Just as there are many roads that lead to metal (adolescent anger, an ear for complex music, etc.), there are multiple avenues by which a curious mind might encounter Noam Chomsky, one of our era's great-thinking heavy hitters. Students of linguistic theory will certainly encounter his work, which in the middle of the last century incited something of a revolution in our understanding of the human ability to generate and utilize language. Anyone delving into American political thought will sift through Chomsky's writings and lectures in which he expounds upon ideas he calls "libertarian" and "fairly traditional anarchist." In the spirit of Chomsky's ideologies and with his blessing, Witch Mountain drummer Nate Carson has participated in the creation of AVRAM, a Chomsky-themed metal project that wraps various heavy approaches (black/thrash aggression, trad/hair balladry, and doomy trudging) around audio clips of the controversial linguist making poignant, striking comments about American society and its expectations. At just over 13 minutes long, the EP is cutting and thought-provoking and, above all, fun as shit. Songwriting, performances, recording... All of it rounds out a perfect, succinct statement.
Decibel asked Carson a few questions about the project, so you can peruse his responses while getting a first listen here. And make sure to catch more AVRAM updates at http://www.facebook.com/
How did the original idea pop up? What's your connection to Chomsky's philosophies and these clips in particular?
Our guitarist Amanda Machina has had this idea for years. She went so far as to contact Noam and his publicist and got their blessing. Then she slowly started looking for musical nerds that would help fulfill her diabolical scheme. I had studied Linguistics in college, so I knew about Chomsky's heritage in that field. And I had the split 7" he did with Bad Religion which covered his strong political views. Amanda, bassist Darryl Moton, and myself have all been fans of his work for a long time.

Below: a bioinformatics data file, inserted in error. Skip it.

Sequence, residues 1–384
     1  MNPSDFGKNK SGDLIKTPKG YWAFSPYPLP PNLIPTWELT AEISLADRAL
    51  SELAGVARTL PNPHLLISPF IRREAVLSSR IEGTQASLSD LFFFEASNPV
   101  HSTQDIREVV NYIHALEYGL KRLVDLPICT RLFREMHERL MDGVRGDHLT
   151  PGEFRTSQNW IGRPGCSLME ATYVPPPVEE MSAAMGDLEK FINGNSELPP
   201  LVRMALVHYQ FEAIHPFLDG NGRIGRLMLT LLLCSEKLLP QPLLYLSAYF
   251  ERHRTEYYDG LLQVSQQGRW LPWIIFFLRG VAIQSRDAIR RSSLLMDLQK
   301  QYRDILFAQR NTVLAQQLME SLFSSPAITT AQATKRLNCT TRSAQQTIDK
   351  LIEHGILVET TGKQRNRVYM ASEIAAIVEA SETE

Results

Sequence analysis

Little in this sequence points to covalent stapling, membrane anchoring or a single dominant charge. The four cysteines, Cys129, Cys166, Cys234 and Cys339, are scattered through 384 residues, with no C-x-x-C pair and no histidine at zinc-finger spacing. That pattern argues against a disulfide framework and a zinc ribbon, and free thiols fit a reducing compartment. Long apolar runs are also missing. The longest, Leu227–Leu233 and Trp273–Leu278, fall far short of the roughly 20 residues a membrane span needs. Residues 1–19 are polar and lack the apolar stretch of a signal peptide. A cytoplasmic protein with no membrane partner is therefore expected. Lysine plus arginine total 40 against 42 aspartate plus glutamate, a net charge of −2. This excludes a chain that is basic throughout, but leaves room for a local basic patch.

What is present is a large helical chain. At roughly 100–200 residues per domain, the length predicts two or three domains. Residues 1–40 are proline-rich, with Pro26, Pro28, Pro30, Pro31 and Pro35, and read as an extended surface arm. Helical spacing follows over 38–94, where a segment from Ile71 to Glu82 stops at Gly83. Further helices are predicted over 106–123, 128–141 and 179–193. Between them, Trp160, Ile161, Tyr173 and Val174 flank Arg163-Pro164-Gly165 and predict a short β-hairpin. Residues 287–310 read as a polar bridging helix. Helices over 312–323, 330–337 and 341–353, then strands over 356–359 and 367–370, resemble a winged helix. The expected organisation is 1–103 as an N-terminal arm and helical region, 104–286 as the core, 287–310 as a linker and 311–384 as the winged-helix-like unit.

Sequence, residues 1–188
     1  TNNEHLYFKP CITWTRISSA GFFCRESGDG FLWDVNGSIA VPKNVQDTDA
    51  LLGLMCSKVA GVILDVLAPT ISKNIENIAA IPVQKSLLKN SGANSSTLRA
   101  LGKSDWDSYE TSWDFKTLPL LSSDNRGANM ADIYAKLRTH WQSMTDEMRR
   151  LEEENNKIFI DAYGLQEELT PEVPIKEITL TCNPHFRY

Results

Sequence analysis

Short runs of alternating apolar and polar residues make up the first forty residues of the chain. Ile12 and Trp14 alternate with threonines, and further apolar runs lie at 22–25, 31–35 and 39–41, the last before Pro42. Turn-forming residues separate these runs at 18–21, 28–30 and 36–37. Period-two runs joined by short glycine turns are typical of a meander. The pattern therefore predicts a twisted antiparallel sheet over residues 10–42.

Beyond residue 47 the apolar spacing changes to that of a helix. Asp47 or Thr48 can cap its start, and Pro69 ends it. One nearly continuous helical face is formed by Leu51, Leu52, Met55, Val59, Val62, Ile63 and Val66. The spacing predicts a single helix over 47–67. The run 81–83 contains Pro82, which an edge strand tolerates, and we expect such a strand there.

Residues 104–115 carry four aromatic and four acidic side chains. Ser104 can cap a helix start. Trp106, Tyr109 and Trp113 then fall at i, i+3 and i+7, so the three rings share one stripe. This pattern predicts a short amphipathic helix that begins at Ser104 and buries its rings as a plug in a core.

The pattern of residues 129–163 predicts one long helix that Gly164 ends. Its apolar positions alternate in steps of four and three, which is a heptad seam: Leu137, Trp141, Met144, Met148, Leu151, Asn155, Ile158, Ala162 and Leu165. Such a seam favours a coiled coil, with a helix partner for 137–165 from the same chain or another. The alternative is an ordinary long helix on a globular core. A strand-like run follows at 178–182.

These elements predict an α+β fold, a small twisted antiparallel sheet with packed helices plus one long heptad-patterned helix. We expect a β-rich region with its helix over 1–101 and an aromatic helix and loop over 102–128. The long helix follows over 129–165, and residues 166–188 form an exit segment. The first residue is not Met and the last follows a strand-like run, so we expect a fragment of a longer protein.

Who helped develop the idea and the recording?
It was Amanda on all guitars, Darryl on swinging bass, and myself on the drums. We kept it just the three of us until it was time to get some help with the recording.
Where/how/when were the songs recorded? Were they ideas written specifically for the spoken clips, or did they already exist?
We had been compiling our favorite speeches for a while, but the music itself was written separately. Then the clips were adjusted to fit the music. We made sure that none of our edits ever changed the context of his message. He's always saying these really dire, apocalyptic things and that really suits heavy metal themes well.
My brother Merlin Carson came over to help us track in Amanda's studio. The remarkable thing is that we were basically still composing the songs as we recorded them. Merlin literally set up some mikes and we started recording. No muss or fuss. It's crazy this stuff sounds so good--though we all have pro gear, Merlin brought a great selection of microphones, and of course Billy Anderson did the mix. That was the real coup de grace for this project. Justin Weis mastered, so the back end has a really nice polish.
Whose cover art is that?
Our good friend Sam Ford drew the cover. He's in the band Wizard Rifle, and is well known for his album covers for Black Cobra, Witch Mountain, Monarch, and others. Really brilliant artist.
Was this a one-time kind of thing, or do you feel like there's something to follow up?
This is meant to be a one-time project, however I think Amanda and Darryl and I would love to collaborate again on something else. We have a great chemistry.
Anything else I should be asking?
I guess the only other thing that's key is that this is a non-profit project, in keeping with the spirit of Noam. Once we cover the basic expenses of producing this, the net proceeds will go to a cause of Noam's choice, or as we affectionately refer to it, "The Noam Chomsky retirement fund." Dude is old!